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This literature review examined ocular surface disease (OSD) associated with glaucoma medication. The authors examined the prevalence of features and management guidelines glaucoma medication associated OSD. Fifty-eight articles published within the past five years are included in this review and the following themes are covered: preservatives in glaucoma medication (such as benzalkonium chloride (BAK), Purite, Polyquaternium-1 (Polyquad) and Sofzia). BAK is the most common preservative used with toxic effects on the ocular surface cells, cornea, conjunctiva, and trabecular cells. Purite is a newer generation preservative that is better tolerated with lesser toxic effects. Polyquad is a polymeric quaternary ammonium molecule that has less cytotoxicity than BAK but can still decrease aqueous tear film production whilst Sofzia is an ionic-buffered preservative that induces less conjunctival inflammation and fewer corneal changes compared to BAK. Effects on ocular and periocular surfaces (such as contact dermatitis of the periocular region and eyelids being caused by topical beta-blockers and apraclonidine, and dorzolamide being associated with periorbital dermatitis, leading to fibrosis and ectropion). Prostaglandin analogues are associated with hypertrichosis and hyperpigmentation of the eyelashes as well as darkening of the skin on the eyelids. Carbonic anhydrase inhibitors can result in limbal conjunctival follicles, follicular conjunctivitis, and severe allergic conjunctivitis. Pilocarpine is associated with allergic conjunctivitis, squamous metaplasia, keratinization of the lid margins, a reduction in the density of goblet cells, and rarely cicatrization. Topical beta-blockers may increase fibroblasts and inflammatory cells in the conjunctiva, leading to squamous metaplasia and fibrosis and caution for alternative diagnosis (mucus membrane pemphigoid, Stevens Johnson Syndrome and ocular pemphigus vulgaris are other differential diagnoses which share clinical features with the above and should be considered). The review also highlights that long-term multiple glaucoma medication usage is associated with a high risk of trabeculectomy failure. The reviewers recommend thorough assessment at review not only of the glaucoma but for OSD. In addition, choosing combination- and preservative-free medications can decrease dosing and side-effects. With adverse effects, changing medication class, using anti-inflammatory agents, lubricants and reducing preservative exposure can improve compliance, quality of life and preserve vision.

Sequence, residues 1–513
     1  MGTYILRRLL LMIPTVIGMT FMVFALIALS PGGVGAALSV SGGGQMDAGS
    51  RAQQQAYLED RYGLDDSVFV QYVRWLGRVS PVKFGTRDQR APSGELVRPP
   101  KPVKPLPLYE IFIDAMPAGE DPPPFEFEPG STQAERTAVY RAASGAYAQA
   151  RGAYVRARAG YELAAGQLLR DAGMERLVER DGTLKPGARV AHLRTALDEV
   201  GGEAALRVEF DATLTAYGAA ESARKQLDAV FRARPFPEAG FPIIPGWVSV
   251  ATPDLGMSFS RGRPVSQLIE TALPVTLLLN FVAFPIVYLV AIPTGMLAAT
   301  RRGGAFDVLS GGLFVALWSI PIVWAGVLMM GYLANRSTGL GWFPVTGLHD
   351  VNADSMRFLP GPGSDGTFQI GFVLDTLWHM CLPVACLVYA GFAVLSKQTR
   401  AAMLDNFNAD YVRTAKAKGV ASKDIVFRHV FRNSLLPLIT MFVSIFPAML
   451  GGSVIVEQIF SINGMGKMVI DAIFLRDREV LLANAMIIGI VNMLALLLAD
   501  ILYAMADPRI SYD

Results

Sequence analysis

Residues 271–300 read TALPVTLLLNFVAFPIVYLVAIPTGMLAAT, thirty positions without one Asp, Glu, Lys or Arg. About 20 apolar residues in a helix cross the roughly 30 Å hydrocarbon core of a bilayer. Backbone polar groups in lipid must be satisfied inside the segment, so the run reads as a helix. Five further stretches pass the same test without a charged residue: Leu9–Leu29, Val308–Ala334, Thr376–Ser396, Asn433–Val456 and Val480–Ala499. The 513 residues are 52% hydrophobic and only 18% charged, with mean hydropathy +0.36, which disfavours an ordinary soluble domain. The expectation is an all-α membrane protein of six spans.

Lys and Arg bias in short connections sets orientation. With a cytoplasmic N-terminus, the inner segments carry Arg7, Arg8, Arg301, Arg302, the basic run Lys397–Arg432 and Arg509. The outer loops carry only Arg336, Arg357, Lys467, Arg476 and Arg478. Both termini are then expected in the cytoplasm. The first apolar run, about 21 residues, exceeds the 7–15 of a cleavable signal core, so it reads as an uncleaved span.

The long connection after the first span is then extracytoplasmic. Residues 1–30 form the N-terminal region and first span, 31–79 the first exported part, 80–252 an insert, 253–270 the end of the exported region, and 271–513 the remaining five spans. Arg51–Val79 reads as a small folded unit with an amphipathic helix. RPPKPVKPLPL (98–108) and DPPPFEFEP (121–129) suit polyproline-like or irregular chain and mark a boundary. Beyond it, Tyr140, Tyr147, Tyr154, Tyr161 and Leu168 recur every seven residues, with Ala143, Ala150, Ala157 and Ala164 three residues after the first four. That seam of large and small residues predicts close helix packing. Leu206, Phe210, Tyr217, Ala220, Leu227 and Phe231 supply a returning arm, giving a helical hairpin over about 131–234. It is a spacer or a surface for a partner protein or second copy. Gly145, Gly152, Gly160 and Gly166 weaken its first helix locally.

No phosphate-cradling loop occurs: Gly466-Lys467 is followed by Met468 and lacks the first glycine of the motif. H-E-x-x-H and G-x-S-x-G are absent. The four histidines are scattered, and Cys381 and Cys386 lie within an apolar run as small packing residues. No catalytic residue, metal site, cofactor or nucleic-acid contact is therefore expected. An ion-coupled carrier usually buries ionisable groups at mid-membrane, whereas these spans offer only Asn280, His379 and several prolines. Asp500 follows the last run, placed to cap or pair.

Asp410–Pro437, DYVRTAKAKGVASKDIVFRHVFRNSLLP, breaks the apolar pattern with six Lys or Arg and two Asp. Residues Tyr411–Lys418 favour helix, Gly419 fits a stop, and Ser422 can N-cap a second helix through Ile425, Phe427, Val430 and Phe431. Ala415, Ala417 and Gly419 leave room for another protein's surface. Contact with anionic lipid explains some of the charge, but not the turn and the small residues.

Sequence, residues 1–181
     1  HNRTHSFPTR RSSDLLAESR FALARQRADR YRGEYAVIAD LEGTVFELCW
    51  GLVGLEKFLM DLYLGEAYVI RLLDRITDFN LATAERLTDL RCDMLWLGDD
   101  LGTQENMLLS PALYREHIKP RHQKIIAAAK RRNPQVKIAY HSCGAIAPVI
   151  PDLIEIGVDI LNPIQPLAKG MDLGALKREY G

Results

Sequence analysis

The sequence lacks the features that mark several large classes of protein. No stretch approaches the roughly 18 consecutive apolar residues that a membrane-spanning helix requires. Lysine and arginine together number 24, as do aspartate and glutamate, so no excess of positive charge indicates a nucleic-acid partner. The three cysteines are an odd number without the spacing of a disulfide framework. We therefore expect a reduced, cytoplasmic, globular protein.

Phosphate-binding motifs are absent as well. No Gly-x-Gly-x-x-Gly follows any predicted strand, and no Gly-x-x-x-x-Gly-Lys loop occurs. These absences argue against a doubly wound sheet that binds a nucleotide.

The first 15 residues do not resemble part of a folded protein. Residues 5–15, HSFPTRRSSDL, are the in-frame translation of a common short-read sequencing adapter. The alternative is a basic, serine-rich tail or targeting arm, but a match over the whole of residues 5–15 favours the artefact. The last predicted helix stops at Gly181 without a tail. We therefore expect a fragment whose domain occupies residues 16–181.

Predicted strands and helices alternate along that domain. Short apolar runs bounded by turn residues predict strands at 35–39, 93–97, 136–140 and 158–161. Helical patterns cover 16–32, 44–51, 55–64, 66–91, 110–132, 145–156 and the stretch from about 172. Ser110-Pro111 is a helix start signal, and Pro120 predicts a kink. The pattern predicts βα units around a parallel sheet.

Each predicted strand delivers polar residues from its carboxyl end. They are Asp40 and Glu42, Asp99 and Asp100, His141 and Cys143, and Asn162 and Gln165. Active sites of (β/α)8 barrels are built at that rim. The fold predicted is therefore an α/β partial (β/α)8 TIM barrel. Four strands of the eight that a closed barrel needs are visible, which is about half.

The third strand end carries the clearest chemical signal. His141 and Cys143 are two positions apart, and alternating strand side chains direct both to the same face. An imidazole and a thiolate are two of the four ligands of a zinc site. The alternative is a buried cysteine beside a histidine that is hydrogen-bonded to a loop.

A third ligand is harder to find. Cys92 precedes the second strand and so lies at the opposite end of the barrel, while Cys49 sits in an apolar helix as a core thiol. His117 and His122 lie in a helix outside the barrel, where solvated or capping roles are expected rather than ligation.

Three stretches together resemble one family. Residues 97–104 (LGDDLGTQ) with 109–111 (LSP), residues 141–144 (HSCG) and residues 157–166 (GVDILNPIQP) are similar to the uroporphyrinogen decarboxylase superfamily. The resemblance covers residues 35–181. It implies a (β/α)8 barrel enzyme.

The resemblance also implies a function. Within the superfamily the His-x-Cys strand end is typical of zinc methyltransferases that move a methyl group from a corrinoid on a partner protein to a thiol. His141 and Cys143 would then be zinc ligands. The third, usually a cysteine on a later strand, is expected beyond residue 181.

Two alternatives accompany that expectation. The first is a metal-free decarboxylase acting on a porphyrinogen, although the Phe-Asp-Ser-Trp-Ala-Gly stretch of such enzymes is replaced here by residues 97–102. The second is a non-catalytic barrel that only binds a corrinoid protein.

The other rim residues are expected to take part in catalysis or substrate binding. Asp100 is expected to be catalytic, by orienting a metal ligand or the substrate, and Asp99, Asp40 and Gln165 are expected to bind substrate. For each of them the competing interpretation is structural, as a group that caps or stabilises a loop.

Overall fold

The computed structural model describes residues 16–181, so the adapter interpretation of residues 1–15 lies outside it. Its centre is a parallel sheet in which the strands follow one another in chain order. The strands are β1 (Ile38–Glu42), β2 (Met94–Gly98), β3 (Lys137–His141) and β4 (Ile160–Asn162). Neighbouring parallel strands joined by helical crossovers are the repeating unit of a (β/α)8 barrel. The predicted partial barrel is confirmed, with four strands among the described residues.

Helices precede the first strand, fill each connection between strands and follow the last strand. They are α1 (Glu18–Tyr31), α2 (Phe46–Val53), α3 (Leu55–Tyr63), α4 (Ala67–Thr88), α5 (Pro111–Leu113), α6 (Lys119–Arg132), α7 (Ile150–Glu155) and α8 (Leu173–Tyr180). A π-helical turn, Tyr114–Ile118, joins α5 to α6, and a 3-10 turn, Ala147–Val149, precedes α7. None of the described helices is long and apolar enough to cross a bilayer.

Ocular surface disease and anti-glaucoma medications: various features, diagnosis, and management guidelines.
Andole S, Senthil S.
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Su Young

Moorfields Eye Hospital NHS Trust, London, UK.

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